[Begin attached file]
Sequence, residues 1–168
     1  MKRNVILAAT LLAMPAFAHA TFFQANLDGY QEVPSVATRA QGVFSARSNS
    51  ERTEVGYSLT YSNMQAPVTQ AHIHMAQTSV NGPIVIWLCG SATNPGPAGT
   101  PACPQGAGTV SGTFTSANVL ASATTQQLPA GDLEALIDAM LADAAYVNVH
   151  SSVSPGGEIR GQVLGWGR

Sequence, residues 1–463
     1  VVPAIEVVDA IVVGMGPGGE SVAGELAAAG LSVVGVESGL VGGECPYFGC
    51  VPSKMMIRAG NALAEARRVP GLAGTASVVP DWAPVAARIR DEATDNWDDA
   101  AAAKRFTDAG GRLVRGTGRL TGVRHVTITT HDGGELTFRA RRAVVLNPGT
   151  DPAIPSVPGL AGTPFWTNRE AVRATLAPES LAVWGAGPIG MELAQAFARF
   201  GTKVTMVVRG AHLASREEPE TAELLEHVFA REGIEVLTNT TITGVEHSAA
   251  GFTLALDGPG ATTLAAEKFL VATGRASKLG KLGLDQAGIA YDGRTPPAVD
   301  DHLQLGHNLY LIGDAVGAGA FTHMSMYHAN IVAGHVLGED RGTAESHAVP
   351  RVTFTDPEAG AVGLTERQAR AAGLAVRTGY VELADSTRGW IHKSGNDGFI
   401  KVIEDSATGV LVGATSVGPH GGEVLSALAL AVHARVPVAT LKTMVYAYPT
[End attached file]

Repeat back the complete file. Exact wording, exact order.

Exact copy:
Sequence, residues 1–168
     1  MKRNVILAAT LLAMPAFAHA TFFQANLDGY QEVPSVATRA QGVFSARSNS
    51  ERTEVGYSLT YSNMQAPVTQ AHIHMAQTSV NGPIVIWLCG SATNPGPAGT
   101  PACPQGAGTV SGTFTSANVL ASATTQQLPA GDLEALIDAM LADAAYVNVH
   151  SSVSPGGEIR GQVLGWGR

Sequence, residues 1–463
     1  VVPAIEVVDA IVVGMGPGGE SVAGELAAAG LSVVGVESGL VGGECPYFGC
    51  VPSKMMIRAG NALAEARRVP GLAGTASVVP DWAPVAARIR DEATDNWDDA
   101  AAAKRFTDAG GRLVRGTGRL TGVRHVTITT HDGGELTFRA RRAVVLNPGT
   151  DPAIPSVPGL AGTPFWTNRE AVRATLAPES LAVWGAGPIG MELAQAFARF
   201  GTKVTMVVRG AHLASREEPE TAELLEHVFA REGIEVLTNT TITGVEHSAA
   251  GFTLALDGPG ATTLAAEKFL VATGRASKLG KLGLDQAGIA YDGRTPPAVD
   301  DHLQLGHNLY LIGDAVGAGA FTHMSMYHAN IVAGHVLGED RGTAESHAVP
   351  RVTFTDPEAG AVGLTERQAR AAGLAVRTGY VELADSTRGW IHKSGNDGFI
   401  KVIEDSATGV LVGATSVGPH GGEVLSALAL AVHARVPVAT LKTMVYAYPT